But he also has the luxury of coaching an all-time great team. Even with Stephen Curry, Draymond Green, Zaza Pachulia and Shaun Livingston injured, the Warriors are favored.

Walton has a young team that needs every break it can get. But he too should embrace the significance of the ceremony. His franchise is.

After reportedly initially being scheduled for pregame, the ceremony will occur at halftime. The NBA implemented a hard 15-minute limit on halftimes this season. Any team not ready will be assessed a delay-of-game penalty. So, lengthy speeches tonight could hinder the current team on the court. And that’s well worth the cost of doing business.

In the same regard, current Lakers watching Kobe’s ceremony would gain pride in being a Laker. There’s real value in that, probably more than in going over adjustments for a December game during a season very likely to end outside the playoffs regardless.

George Hill nails half-court buzzer-beater with less than a second to shoot (video)

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I bet this made George Hill happier.

The Kings still losing to the Raptors, 108-93, probably didn’t, though.

Phil Jackson to miss Kobe Bryant’s jersey retirement Monday

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For one last night, Staples Center will belong to Kobe Bryant on Monday.

Sure, the Warriors are in town to take on the Lakers, but Monday night the Lakers are retiring Kobe Bryant’s numbers — both 8 and 24 — in a halftime ceremony. It’s been the hottest ticket in Los Angeles, with celebrities, luminaries, and regular Lakers fans shelling out a lot of cash to see the Laker legend be honored.

Except, Phil Jackson will not be there, reports Ramona Shelburne of ESPN.

Jackson has been in touch with Bryant in advance of the ceremony to congratulate him, sources said. But he was unable to travel from his Montana home for the ceremony in Los Angeles.

No reason was given (nor does one need to be made public, that’s between Kobe and Jackson).

Jackson coached Kobe to all five of his NBA titles, and while their relationship had its ups and downs — remember Jackson called out Kobe as almost uncoachable in one of his books — they remain close.


Three Things to Know: LeBron James racks up third straight triple-double

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Every day in the NBA there is a lot to unpack, so every weekday morning throughout the season we will give you the three things you need to know from the last 24 hours in the NBA. Here’s what you missed on Sunday while practicing your ax throwing in Paris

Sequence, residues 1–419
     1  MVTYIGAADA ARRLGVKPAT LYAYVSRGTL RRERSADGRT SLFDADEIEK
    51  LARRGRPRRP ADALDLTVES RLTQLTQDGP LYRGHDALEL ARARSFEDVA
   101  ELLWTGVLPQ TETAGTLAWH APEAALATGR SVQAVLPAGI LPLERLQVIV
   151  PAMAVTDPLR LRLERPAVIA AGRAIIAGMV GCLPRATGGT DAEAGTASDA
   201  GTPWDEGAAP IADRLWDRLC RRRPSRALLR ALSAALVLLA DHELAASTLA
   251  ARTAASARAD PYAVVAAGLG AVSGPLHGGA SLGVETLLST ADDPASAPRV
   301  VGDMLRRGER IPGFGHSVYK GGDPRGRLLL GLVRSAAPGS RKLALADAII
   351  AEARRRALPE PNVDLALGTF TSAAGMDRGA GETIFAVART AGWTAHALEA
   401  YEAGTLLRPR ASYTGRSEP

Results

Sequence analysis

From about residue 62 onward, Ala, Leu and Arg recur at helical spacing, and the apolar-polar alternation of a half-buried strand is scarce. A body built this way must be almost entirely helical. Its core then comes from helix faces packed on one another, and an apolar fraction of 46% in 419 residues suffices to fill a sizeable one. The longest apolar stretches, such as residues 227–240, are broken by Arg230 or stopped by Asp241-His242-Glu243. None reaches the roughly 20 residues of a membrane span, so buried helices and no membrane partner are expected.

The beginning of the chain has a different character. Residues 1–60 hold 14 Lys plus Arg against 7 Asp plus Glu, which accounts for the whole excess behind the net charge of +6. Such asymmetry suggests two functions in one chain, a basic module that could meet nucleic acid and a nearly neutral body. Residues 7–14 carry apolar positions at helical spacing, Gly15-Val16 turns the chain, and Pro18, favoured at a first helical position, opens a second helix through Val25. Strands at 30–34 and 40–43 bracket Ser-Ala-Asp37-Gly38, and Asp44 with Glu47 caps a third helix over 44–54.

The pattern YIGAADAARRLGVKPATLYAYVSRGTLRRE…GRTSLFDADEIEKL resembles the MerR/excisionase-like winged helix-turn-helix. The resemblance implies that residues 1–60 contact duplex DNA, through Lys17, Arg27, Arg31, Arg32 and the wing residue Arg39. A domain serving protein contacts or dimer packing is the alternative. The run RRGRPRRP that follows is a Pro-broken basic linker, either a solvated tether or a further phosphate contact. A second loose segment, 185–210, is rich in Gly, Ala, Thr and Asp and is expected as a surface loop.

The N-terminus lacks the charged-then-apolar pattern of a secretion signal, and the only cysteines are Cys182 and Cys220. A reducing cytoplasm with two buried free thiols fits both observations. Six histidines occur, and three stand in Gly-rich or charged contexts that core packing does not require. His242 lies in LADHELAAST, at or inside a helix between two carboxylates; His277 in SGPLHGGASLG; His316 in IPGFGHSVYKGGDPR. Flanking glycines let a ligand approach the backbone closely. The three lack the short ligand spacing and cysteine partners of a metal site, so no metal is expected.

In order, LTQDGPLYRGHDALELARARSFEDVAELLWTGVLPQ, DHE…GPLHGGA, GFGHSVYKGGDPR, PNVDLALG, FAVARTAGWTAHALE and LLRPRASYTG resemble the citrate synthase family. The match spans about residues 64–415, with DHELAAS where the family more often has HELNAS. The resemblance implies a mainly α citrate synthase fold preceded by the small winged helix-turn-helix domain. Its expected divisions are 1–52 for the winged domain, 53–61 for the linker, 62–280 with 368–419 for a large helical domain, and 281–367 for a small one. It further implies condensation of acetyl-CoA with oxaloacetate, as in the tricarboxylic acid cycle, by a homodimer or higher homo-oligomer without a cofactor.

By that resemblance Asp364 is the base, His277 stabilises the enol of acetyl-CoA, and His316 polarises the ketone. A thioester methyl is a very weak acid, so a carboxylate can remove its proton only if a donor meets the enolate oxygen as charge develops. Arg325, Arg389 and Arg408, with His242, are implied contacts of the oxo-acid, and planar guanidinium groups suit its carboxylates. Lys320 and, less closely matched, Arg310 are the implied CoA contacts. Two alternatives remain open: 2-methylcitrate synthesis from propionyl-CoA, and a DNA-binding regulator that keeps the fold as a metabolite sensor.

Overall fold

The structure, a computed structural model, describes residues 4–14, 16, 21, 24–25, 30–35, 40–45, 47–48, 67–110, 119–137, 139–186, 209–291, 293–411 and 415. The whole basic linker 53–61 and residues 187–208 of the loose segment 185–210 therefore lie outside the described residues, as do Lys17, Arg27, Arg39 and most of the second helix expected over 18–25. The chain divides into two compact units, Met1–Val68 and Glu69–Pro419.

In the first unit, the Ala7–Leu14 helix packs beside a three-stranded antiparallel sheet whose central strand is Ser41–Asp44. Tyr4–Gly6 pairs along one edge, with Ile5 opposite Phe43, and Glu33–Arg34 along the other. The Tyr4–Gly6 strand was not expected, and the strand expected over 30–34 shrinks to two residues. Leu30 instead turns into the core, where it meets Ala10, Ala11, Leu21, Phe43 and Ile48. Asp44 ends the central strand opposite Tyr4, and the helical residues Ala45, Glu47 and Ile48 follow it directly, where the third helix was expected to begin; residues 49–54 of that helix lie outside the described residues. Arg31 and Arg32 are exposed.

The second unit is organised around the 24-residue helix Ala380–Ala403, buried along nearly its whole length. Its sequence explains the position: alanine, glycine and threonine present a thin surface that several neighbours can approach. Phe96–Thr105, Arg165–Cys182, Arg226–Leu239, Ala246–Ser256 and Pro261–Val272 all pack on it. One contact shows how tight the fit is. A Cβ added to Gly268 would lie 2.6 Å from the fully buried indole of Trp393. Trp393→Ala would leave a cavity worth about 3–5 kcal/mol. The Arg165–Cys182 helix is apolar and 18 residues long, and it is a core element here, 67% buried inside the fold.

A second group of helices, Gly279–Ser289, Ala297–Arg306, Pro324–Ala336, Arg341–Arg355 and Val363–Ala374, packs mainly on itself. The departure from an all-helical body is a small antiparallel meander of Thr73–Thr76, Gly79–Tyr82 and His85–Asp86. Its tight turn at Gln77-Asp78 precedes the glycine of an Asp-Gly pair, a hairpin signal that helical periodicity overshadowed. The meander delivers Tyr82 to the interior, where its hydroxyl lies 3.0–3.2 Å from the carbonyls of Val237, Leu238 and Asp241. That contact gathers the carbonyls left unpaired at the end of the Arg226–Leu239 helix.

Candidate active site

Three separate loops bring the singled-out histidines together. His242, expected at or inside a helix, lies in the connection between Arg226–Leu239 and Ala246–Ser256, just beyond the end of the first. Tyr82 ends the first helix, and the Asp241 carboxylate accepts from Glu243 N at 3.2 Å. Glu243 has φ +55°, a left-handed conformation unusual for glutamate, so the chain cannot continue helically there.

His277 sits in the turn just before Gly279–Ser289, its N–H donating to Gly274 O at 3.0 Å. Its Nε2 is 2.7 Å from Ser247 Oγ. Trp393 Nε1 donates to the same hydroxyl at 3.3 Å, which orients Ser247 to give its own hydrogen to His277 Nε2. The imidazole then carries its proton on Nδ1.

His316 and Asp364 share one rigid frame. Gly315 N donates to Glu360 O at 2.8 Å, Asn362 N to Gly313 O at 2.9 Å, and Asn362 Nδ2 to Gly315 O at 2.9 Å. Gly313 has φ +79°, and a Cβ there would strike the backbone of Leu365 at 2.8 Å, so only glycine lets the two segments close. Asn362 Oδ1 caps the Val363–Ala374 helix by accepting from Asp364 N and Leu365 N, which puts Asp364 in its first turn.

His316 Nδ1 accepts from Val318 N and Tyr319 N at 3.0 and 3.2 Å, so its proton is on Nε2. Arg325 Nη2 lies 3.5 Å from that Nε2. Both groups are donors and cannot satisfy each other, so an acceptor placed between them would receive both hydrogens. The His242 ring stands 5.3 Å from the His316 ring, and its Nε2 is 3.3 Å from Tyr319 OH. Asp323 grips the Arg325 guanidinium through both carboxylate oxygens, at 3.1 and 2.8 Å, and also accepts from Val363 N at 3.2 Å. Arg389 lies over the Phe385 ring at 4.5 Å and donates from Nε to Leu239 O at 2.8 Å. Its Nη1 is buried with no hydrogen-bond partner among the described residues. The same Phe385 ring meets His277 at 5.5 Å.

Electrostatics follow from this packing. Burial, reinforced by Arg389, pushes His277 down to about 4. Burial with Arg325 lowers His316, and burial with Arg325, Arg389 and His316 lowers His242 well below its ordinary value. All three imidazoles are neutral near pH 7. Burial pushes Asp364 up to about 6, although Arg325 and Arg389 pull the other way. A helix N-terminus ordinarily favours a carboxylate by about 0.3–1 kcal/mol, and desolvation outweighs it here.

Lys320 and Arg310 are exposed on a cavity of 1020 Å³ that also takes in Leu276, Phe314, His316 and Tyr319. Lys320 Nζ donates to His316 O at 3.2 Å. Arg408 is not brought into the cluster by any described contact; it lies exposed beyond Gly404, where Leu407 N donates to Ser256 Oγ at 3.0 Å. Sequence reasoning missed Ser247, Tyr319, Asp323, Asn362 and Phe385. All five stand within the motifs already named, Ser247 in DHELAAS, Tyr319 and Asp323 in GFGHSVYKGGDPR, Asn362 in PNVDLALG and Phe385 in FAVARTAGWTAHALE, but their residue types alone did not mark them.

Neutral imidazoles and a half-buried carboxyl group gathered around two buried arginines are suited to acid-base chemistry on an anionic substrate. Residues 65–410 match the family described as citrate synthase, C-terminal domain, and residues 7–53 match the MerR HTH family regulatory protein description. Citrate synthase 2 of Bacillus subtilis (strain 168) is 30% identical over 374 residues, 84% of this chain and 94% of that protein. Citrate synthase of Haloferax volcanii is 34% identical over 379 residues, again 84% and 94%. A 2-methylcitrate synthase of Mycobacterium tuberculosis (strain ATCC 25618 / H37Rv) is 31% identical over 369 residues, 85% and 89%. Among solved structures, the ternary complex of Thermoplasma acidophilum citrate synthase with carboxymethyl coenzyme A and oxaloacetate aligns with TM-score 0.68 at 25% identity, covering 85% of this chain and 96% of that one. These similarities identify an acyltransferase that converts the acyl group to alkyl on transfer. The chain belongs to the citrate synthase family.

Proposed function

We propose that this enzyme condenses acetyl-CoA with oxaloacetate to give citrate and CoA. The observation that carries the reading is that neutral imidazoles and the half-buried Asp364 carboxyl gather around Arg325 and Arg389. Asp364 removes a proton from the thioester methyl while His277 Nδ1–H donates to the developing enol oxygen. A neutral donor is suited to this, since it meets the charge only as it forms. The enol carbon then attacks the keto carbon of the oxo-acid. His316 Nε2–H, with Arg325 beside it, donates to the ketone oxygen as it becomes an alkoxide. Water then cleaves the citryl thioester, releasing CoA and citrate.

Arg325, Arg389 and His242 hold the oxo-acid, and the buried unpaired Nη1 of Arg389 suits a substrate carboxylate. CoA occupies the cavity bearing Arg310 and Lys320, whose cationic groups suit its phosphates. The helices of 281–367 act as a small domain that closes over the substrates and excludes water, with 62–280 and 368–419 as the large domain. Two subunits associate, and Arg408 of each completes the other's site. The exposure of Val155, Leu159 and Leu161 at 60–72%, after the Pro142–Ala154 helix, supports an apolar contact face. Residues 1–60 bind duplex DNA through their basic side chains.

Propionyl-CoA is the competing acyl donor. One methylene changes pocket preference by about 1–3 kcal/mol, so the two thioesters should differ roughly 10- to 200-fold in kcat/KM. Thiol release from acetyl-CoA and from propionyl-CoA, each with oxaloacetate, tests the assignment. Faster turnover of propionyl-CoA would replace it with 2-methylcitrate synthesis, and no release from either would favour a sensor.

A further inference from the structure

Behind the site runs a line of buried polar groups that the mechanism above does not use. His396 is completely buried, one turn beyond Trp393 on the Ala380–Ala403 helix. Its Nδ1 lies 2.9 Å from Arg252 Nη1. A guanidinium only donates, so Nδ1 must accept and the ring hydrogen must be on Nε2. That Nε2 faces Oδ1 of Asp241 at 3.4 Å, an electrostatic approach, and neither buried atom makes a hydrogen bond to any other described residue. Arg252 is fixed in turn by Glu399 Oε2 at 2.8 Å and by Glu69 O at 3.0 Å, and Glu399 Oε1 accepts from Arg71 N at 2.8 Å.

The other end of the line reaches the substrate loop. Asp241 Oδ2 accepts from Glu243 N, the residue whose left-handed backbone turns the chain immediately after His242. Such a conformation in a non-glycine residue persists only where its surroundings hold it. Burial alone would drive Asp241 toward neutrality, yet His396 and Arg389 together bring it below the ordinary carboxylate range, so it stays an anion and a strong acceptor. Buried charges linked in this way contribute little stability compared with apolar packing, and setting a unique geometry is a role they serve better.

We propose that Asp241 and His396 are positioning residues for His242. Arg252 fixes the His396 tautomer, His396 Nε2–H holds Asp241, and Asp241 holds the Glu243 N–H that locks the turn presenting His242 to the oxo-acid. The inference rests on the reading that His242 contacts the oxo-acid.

1) LeBron James has third straight triple-double… and sends equality message. Back in the 2008-09 season, LeBron James strung together three consecutive games of triple-doubles, the season he went on to win his first MVP award. Despite 61 career triple-doubles, he hasn’t had a string like that since.

Until now. LeBron put together three again this week, the most recent coming at the expense of the Washington Wizards on Sunday, a team that had no answer for his playmaking skills. James finished the game with 20 points, 12 rebounds and 15 assists. It wasn’t the most efficient LeBron scoring performance of his career (8-of-23 shooting overall, 2-of-7 from three, his legs looked a little tired on the back-to-back) and he was playing too much in isolation (nearly twice as many possessions as in pick-and-roll). However, down the stretch he was a fantastic playmaker, finding teammates — such as finding the cutting Jeff Green and Kyle Korver — and doing what it took to lift his team to the 106-99 win (Cleveland’s has won five straight and 18-of-19).

LeBron was also sending a message while playing in our nation’s capital: He wore one black and one white of the LeBron 15s, with the word “Equality” on the back of both of them. Good on LeBron, I love that he has found a voice and is comfortable using it.

2) Cavaliers sticking to plan even if he seems ready: Isaiah Thomas should join Cavaliers after the first of the year. Patience. It’s a virtue. Cleveland’s end game is to have another elite playmaker and scorer on the floor in late May and (hopefully) June, not for Christmas Day (no matter who is on the schedule).

Meaning that despite the face Isaiah Thomas is working out and says he and his injured hip feel ready to return, it will be 2018 before he officially pulls on a Cavaliers jersey and takes the court.

This is the smart play by the Cavaliers, who have racked up enough wins not to need to push him. That said, LeBron is carrying a heavy load — he’s played more minutes than anyone in the league so far, and this is his 15th NBA season — and the Cavaliers need to get him some help and rest so he is fresh for the postseason.

3) Detroit ties a franchise record with 17 made threes in win over Orlando. The Pistons are not exactly a great three-point shooting team: They average a middle-of-the-pack 29.3 attempts per game (31.6 percent of their attempts), but at least hit them at a healthy 38.3 percent clip. Detroit does a good job at least of getting corner threes up and knocking them down.

Sunday they were knocking everything down, hitting 17-of-34 threes to tie a franchise record for the most made threes in a game. Anthony Tolliver led the way (5-of-7 from deep) with Reggie Bullock pitching in 4-of-5.

The Pistons have snapped out of their seven-game losing streak to win three in a row now, including a quality win over the Pacers on the second night of a back-to-back.